Can A Parasite Have A Parasite of Its Own?

As we discussed earlier in another post, some parasites can be infected with viruses. However, viruses are the smallest particles able to infect living organisms and are really widespread in all living organisms. It is then not surprising to find them within parasites. This discovery leads us to wonder if parasite can also be infected with another parasite.

The actual answer to this question is that there is not enough research or evidence to back up this idea. Thus far, there has not been any claims of any parasite being a host for another parasite. Additionally, there is currently no evidence of parasite being infected by another parasite in scientific literature databases. However, in science, just because something has not been proven or observed yet doesn’t mean it isn’t possible. In fact, according to me, it is still possible that a parasite could be infected by another specific parasite.

Research efforts in the area of parasitology are in fact quite limited to species infecting humans and/or animals. Because there is no mention of such thing in the current scientific literature, it is quite likely that parasite species of medical and veterinary significance cannot usually be infected by another parasite or that it is extremely rare. Parasites are quite big microorganisms and I sincerely think that it would have already been discovered if a parasite involved in human or animal health where able to be a host for another parasite. However, there are a lot more non-pathogenic parasites than pathogenic ones. As such, it is estimated that thousands of parasite species are free-living organisms living by themselves in the environment, meaning that they do not need to infect a host in order to fulfill their life cycle. These parasites are not very well studied by researchers because of their lack of relevance in human or animal medicine. Consequently, many parasite species are not studied and a lot of them have even not been discovered yet. As a matter of fact, these non-studied or non-discovered parasites could possibly be infected with another parasite without anybody knowing it.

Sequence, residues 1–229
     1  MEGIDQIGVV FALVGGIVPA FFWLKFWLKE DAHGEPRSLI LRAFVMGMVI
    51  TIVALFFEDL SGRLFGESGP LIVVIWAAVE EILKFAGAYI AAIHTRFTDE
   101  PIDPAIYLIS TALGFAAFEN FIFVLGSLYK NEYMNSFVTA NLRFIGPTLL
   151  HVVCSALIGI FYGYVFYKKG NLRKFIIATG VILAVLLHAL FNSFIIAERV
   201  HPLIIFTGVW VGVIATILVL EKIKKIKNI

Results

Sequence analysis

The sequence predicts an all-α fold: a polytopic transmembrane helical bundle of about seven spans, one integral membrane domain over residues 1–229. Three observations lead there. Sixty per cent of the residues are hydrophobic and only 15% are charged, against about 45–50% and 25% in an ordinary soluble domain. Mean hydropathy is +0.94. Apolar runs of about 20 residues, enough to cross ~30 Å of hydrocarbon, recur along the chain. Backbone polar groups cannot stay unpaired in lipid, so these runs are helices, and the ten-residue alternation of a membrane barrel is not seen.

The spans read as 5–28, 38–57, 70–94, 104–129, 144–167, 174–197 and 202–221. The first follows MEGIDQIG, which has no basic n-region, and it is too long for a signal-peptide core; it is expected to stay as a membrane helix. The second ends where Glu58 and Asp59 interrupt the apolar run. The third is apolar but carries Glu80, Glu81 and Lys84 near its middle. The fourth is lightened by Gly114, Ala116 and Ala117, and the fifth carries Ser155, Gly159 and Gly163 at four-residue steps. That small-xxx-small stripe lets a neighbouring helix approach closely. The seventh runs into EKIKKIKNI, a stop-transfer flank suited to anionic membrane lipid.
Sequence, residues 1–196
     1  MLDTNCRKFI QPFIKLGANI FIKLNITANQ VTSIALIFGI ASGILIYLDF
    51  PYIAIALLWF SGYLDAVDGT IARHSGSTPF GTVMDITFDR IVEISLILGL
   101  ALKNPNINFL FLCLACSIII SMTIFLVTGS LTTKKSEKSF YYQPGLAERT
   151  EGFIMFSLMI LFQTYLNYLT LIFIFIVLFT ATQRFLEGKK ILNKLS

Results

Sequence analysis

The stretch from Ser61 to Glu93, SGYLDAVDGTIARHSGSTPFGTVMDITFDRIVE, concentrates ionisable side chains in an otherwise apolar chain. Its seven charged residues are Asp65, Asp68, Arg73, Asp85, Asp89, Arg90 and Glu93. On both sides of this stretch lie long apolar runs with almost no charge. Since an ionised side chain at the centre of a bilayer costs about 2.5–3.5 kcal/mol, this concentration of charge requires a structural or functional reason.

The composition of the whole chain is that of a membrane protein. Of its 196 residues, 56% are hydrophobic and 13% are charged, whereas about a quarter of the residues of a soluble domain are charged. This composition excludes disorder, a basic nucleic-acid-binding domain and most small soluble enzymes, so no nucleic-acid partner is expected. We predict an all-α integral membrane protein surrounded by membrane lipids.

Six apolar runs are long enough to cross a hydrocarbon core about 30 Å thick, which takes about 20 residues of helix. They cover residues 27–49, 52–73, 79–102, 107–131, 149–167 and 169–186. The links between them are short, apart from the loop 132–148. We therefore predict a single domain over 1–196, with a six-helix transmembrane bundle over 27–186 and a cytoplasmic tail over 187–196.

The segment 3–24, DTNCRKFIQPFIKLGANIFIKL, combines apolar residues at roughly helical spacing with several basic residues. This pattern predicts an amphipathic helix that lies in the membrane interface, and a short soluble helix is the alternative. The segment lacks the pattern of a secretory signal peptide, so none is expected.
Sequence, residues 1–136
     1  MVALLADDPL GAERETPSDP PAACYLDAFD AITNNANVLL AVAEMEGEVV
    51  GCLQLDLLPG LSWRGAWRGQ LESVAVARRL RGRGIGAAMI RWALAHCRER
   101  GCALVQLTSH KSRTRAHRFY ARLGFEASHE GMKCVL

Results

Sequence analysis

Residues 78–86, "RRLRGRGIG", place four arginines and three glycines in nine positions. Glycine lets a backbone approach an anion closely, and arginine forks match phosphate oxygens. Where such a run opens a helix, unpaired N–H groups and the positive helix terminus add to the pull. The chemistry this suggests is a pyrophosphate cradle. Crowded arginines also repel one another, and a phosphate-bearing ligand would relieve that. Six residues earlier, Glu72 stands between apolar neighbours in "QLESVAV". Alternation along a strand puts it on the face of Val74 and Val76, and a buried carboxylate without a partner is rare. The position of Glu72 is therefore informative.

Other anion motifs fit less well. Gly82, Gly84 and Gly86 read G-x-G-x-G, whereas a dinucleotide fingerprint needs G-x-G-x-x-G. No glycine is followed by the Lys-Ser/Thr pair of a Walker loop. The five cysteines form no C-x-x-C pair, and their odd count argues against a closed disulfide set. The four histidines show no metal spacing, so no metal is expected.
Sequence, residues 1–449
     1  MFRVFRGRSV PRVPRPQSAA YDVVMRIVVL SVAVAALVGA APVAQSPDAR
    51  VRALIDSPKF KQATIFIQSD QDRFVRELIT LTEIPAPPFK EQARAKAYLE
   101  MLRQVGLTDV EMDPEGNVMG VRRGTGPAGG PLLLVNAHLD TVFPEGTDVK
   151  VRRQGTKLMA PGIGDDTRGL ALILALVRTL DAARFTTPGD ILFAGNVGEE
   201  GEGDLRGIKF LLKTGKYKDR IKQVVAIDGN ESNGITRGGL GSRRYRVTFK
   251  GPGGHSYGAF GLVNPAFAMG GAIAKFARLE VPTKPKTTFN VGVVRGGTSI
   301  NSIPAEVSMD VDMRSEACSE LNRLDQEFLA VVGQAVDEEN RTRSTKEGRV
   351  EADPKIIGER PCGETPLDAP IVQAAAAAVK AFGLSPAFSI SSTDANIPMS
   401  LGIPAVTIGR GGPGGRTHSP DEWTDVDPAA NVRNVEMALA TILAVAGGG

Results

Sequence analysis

In fact, as parasites are quite big, especially helminths that are considered to be some kind of small animals, it is quite possible for them to be infected with a smaller organism. As such, it could be likely to find one day somewhere in nature a helminth able to be infected by a smaller parasite, such as a protozoan parasite. We will have to wait and see!

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